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"That their main business was not put into the mind knowledge which was not there before, but to turn the mind's eye towards light so that it might see for itself." ...Plato's advice to educators(429-347BC)
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Author Topic: Free Rolling and Circular Motion  (Read 72204 times)
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Fu-Kwun Hwang
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on: January 29, 2004, 01:13:25 pm » posted from:,,Satellite Provider

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This applet shows the positon,velocity and accelerationvectors
of a point on the rim of a body rolling without slippingon a stationary surface.




    1. The term freely rolling means that there is no slipping (v=rw)
      at the point of contact with the ground--no skidding (v>rw) and no spinning in place (w>v/r),where v,r and w are the linear speed, radius and
        the angular speed of the rolling body.
    2. The center of the wheel has a linear speed (with respect to ground)
      equal to that of any point on its rim (with respect to center).
    3. For circular motion (in the reference frame
        moving with the velocity of the center of the rolling body) :
      The acceleration a of a point always points in a direction
        opposite the position vector r,
      and the velocity vector V is perpendicular to both of them.
    4. Observe the velocity vectors of a point on the rim
        of the rolling body.
      The white vector represents the velocity of the center
        with resepect to ground and
      the red vector represents the velocity of the point
        with respect to the center.
      The sum of these two vectors is the cyan vector
        representing velocity of the point relative to ground.
    5. The green curve shows the trajectory of a point on the rim.


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There are 3 translations,
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or
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Stam
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Reply #1 on: January 15, 2009, 04:37:50 am »

Thnx very helpful but are there more like these. Where can i find?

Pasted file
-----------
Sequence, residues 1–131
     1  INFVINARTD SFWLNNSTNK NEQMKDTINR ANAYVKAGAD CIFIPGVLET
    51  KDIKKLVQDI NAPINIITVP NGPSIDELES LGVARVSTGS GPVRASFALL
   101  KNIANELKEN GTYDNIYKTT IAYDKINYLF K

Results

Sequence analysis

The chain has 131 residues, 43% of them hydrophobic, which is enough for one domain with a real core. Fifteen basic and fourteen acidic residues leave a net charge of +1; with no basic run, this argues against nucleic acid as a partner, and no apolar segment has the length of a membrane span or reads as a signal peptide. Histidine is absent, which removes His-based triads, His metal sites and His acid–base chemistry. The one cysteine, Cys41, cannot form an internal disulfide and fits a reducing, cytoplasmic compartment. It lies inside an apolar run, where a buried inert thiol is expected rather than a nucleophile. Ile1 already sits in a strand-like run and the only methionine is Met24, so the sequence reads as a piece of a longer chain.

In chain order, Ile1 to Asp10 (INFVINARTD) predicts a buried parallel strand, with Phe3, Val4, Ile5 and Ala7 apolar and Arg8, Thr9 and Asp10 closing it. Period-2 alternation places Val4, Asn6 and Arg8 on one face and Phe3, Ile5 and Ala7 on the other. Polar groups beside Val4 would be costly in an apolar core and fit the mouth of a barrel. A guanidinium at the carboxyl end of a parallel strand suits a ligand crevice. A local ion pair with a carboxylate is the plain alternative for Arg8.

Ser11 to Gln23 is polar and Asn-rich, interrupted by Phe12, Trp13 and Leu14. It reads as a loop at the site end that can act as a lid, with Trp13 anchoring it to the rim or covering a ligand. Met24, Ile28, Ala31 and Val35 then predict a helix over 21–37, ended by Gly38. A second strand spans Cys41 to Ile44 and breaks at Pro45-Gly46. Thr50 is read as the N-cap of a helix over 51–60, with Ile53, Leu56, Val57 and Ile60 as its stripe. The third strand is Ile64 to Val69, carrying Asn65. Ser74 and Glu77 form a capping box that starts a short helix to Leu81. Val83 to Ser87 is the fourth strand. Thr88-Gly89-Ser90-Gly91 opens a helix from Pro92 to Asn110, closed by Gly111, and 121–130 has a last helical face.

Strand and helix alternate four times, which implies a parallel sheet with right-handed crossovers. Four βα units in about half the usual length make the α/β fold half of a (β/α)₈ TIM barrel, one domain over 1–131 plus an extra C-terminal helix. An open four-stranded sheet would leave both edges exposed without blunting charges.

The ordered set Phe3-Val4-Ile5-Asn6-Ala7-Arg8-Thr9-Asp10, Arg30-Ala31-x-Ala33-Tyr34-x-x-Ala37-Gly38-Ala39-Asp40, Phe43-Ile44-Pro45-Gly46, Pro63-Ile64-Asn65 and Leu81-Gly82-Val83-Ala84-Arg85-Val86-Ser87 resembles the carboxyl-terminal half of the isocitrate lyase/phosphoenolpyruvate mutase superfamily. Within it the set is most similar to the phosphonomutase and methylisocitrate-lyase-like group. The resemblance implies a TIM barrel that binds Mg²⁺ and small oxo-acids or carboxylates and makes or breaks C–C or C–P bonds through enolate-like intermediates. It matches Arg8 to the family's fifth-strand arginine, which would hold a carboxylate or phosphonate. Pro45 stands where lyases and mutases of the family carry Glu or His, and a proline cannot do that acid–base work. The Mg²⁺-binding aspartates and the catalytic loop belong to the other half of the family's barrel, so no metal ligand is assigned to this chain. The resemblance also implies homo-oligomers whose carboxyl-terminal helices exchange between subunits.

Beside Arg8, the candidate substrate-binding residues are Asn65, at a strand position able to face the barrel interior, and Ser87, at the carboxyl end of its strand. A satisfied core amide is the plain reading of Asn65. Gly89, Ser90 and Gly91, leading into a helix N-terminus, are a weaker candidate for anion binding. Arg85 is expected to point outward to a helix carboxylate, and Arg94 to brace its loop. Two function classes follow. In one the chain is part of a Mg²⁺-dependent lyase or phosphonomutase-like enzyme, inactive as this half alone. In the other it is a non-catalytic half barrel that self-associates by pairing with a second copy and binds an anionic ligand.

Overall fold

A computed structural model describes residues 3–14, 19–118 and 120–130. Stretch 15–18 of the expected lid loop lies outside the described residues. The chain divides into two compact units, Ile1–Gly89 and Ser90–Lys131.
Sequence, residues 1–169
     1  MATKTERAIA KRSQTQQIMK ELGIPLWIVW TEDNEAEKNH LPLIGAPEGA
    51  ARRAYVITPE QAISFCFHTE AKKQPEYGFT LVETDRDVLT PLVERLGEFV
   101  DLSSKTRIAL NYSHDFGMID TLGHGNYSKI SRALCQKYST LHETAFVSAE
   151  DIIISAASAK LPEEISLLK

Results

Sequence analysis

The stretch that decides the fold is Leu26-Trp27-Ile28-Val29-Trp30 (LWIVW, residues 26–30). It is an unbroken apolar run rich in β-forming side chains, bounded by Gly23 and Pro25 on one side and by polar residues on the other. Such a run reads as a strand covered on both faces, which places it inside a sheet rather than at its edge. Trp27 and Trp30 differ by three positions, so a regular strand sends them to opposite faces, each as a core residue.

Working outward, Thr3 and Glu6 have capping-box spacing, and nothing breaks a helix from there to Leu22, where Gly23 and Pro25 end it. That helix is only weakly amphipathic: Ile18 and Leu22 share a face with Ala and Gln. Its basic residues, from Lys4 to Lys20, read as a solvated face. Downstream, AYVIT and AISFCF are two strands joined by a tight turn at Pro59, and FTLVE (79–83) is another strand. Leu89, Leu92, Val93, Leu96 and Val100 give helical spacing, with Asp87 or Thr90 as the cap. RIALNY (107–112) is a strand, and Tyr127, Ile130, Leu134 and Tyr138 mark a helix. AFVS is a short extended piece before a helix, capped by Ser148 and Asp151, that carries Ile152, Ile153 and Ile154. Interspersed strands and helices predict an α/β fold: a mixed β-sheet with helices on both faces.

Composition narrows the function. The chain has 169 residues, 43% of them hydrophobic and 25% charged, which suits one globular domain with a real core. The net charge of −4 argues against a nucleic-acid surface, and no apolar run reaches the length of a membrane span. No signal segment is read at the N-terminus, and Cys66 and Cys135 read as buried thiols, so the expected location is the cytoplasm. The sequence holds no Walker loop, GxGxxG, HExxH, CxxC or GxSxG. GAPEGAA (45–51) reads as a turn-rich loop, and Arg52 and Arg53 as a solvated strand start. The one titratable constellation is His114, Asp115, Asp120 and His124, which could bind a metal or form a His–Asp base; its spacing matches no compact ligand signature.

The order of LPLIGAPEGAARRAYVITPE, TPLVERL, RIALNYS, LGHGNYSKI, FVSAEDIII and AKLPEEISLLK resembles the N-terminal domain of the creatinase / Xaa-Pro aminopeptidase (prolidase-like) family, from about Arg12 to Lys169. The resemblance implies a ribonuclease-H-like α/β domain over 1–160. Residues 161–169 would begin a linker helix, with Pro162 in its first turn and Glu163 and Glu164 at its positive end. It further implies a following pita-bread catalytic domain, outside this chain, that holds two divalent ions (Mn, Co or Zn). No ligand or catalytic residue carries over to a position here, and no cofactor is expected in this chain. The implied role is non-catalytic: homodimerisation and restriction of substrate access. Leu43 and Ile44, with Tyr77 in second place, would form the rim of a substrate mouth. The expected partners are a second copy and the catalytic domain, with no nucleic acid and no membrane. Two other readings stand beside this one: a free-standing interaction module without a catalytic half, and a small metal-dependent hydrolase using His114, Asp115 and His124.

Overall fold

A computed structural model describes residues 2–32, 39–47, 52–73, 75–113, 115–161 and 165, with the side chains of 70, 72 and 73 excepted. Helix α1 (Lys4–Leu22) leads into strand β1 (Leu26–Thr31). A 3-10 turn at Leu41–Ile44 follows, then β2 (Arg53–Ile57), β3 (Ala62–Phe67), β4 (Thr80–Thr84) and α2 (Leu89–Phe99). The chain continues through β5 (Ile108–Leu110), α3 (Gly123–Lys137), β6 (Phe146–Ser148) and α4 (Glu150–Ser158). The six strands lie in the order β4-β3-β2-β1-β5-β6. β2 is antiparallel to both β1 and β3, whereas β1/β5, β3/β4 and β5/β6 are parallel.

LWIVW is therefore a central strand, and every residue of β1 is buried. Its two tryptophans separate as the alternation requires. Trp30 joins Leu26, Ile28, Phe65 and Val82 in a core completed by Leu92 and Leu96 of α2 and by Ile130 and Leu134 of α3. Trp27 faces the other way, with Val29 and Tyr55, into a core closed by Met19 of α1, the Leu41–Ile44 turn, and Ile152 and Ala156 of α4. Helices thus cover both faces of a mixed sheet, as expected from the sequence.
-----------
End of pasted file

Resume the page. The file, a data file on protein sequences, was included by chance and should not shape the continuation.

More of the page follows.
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Fu-Kwun Hwang
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Reply #2 on: January 15, 2009, 10:49:28 am » posted from:Taipei,T'ai-pei,Taiwan

There are several hundreds physics related simulation at this web site.
If there is some simulation you would like to have and you can not find it.
Write down in detail what you want, and I will try to help!
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thomasusa80
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Reply #3 on: September 22, 2014, 12:49:40 pm » posted from:Faisalabad,Punjab,Pakistan

This applet shows the <font COLOR="#0000FF">positon</font>,<font COLOR="#0000FF">velocity</font> and <font COLOR="#0000FF">acceleration</font><font COLOR="#0000FF">vectors</font></font>
of a point on the rim of a body rolling without slipping</font>on a stationary surface.</font>
<center><applet code=freeRolling.class width=550 height=360 codebase="/java/FreeRolling/">
<param name="MSG1" value="Circular motion">
<param name="MSG2" value="Free Rolling">
<param name="Reset" value="Reset">
</applet></center><ol><font SIZE=+1>1. The term freely rolling means that there is no slipping (v=rw) </font><ol><font SIZE=+1>at the point of contact with the ground</font><font SIZE=+1>--no skidding (v>rw) and no spinning in place (w>v/r),</font><font SIZE=+1>where v,r and w are the linear speed, radius and</font><ol><font SIZE=+1>the angular speed of the rolling body.</font></ol></ol><font SIZE=+1>2. The center of the wheel has a linear speed (with respect to ground) </font><ol><font SIZE=+1>equal to that of any point on its rim (with respect to center).</font></ol><font SIZE=+1>3. For circular motion (in the reference frame</font><ol><ol><font SIZE=+1>moving with the velocity of the center of the rolling body) :</font></ol><font SIZE=+1>The acceleration a of a point always points in a direction</font><ol><font SIZE=+1>opposite the position vector r,</font></ol><font SIZE=+1>and the velocity vector V is perpendicular to both of them.</font></ol><font SIZE=+1>4. Observe the velocity vectors of a point on the rim</font><ol><ol><font SIZE=+1>of the rolling body.</font></ol><font SIZE=+1>The white vector represents the velocity of the center</font><ol><font SIZE=+1>with resepect to ground and </font></ol><font SIZE=+1>the red vector represents the velocity of the point</font><ol><font SIZE=+1>with respect to the center.</font></ol><font SIZE=+1>The sum of these two vectors is the cyan vector</font><ol><font SIZE=+1>representing velocity of the point relative to ground.</font></ol></ol><font SIZE=+1>5. The green curve shows the trajectory of a point on the rim.</font></ol>



There are a few hundreds physical science related reenactment at this site.

In the event that there is some reenactment you might want to have and you can not discover it.

Record in point of interest what you need, and I will attempt to offer assistance!



_Edwordstephen_
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"That their main business was not put into the mind knowledge which was not there before, but to turn the mind's eye towards light so that it might see for itself." ...Plato's advice to educators(429-347BC)
 
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